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A Brief History of Beards and Pandemics

In the first years of the 20th century, New York City was in the throes of a tuberculosis hysteria. Although the disease had been an epidemic in the US since the mid-1800s, the rise of germ theory proved, for the first time, that tuberculosis was contagious. People panicked. As Frank M. Snowden recounted in his book Epidemics and Society, New Yorkers began demanding that public school students be tested for fever every morning. They avoided licking stamps at the post office. At the public’s urging, the New York Public Library began sending all of its returned books to the health department to be fumigated, and banks sterilized their coins.

But in the madness, no feature of American life fared worse than the beard. Health reformers began to zero in on whiskers as nesting places of disease. William H. Park, a doctor at the New York Board of Health, banned bearded men from working directly with milk supplies, announcing in 1901 that “there is real menace to the milk if the dairyman is bearded.” According to Park, the science was clear: “The beard, particularly when damp, may become an ideal germ carrier, and on an unclean man would have great facility for the transmission of disease.”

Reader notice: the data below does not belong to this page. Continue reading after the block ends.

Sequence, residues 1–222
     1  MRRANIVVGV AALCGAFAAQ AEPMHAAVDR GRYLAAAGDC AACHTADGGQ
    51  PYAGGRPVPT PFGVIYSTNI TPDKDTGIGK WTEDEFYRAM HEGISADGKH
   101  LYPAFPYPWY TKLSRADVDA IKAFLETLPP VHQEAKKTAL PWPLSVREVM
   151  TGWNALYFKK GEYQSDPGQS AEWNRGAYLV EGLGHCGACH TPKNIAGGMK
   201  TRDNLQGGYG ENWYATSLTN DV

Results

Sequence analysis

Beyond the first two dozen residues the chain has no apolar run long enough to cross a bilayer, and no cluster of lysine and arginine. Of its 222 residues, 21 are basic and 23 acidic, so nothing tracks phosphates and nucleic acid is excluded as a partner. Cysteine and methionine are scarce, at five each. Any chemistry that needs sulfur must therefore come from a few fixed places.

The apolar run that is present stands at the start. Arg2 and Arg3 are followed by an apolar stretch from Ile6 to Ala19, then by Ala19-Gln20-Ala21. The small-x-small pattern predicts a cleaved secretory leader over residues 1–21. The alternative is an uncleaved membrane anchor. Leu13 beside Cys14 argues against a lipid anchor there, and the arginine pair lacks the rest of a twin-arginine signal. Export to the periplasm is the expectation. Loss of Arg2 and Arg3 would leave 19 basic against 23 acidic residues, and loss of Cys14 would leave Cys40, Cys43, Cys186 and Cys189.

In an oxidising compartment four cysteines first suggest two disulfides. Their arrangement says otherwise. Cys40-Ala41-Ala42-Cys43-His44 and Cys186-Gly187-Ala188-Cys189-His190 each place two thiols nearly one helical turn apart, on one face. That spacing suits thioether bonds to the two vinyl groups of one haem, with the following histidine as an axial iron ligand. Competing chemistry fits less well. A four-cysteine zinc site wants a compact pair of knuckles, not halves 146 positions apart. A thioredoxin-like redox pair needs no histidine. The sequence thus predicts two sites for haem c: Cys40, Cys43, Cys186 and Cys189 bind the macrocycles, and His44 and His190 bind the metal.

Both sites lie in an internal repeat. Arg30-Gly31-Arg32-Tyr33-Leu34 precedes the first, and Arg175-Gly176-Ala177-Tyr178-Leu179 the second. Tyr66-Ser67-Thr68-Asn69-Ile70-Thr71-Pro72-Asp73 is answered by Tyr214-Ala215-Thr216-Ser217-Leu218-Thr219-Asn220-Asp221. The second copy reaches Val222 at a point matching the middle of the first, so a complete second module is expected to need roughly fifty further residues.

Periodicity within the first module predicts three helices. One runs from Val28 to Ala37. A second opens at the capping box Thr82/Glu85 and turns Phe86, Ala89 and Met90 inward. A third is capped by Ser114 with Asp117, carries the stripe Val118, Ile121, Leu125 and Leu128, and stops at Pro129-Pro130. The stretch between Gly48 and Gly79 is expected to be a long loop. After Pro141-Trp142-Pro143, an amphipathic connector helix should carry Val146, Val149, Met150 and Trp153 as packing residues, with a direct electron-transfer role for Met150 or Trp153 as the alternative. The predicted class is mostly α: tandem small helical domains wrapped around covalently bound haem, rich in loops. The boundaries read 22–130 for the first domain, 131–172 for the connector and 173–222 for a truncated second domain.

Park’s central idea — that whiskers entrap germs, funneling disease toward anything they touch — has no factual basis. In terms of bacterial shedding, “there is no difference in bearded and non-bearded men,” said Carrie Kovarik, an associate professor of dermatology and medicine at the University of Pennsylvania. In her study of the phenomenon, Dr. Kovarik found that bearded people might actually carry fewer germs than their clean-shaven counterparts — perhaps because the “micro-trauma” that shaving inflicts on the skin opens up space for bacteria to congregate. But while Park’s lactic fearmongering might seem like the bygone panic of another era, the associations of beards with disease have proven strangely resilient.

Read entire article at Vox